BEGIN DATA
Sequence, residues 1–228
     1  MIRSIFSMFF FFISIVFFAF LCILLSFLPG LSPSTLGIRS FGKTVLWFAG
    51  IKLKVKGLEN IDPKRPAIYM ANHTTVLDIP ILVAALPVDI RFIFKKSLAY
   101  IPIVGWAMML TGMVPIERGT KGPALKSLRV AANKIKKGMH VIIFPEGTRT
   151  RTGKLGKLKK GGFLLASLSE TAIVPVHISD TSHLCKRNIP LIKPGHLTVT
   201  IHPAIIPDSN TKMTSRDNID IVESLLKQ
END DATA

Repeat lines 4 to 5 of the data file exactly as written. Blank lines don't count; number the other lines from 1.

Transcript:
   101  IPIVGWAMML TGMVPIERGT KGPALKSLRV AANKIKKGMH VIIFPEGTRT
   151  RTGKLGKLKK GGFLLASLSE TAIVPVHISD TSHLCKRNIP LIKPGHLTVT